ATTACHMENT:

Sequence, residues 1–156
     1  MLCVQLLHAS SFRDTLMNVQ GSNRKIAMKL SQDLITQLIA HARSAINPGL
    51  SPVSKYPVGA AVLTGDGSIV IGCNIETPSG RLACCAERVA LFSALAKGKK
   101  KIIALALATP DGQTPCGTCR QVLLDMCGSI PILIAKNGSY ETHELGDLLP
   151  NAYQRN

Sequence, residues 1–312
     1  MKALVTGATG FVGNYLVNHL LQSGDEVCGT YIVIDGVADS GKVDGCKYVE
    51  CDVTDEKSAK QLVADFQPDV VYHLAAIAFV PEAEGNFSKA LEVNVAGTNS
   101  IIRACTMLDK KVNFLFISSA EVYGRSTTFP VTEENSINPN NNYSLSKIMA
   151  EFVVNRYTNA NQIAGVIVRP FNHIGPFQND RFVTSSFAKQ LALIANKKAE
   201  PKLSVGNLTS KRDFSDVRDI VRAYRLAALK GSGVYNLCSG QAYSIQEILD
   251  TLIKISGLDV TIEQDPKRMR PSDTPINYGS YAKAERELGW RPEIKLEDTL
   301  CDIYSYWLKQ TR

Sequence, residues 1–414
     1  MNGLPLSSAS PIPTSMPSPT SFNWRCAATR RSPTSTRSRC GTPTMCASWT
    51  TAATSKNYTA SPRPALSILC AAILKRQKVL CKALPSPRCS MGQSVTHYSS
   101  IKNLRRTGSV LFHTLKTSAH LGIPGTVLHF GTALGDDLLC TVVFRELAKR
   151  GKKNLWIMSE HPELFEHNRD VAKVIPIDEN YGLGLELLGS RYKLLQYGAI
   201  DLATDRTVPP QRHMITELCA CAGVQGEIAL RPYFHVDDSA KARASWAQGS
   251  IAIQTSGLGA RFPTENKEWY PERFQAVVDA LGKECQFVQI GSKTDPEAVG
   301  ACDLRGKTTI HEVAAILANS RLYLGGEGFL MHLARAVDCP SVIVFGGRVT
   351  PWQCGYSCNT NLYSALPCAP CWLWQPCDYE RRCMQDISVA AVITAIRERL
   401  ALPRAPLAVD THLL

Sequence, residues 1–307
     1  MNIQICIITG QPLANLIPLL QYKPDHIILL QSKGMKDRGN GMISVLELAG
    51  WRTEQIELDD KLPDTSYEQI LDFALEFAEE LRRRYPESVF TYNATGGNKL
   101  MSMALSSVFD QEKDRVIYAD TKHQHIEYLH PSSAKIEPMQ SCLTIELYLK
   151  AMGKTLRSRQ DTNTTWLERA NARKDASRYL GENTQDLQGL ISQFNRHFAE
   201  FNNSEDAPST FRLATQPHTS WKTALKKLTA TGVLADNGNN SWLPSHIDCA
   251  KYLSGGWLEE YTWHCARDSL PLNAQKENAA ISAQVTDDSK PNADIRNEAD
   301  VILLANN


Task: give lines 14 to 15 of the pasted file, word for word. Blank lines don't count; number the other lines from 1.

Sequence, residues 1–414
     1  MNGLPLSSAS PIPTSMPSPT SFNWRCAATR RSPTSTRSRC GTPTMCASWT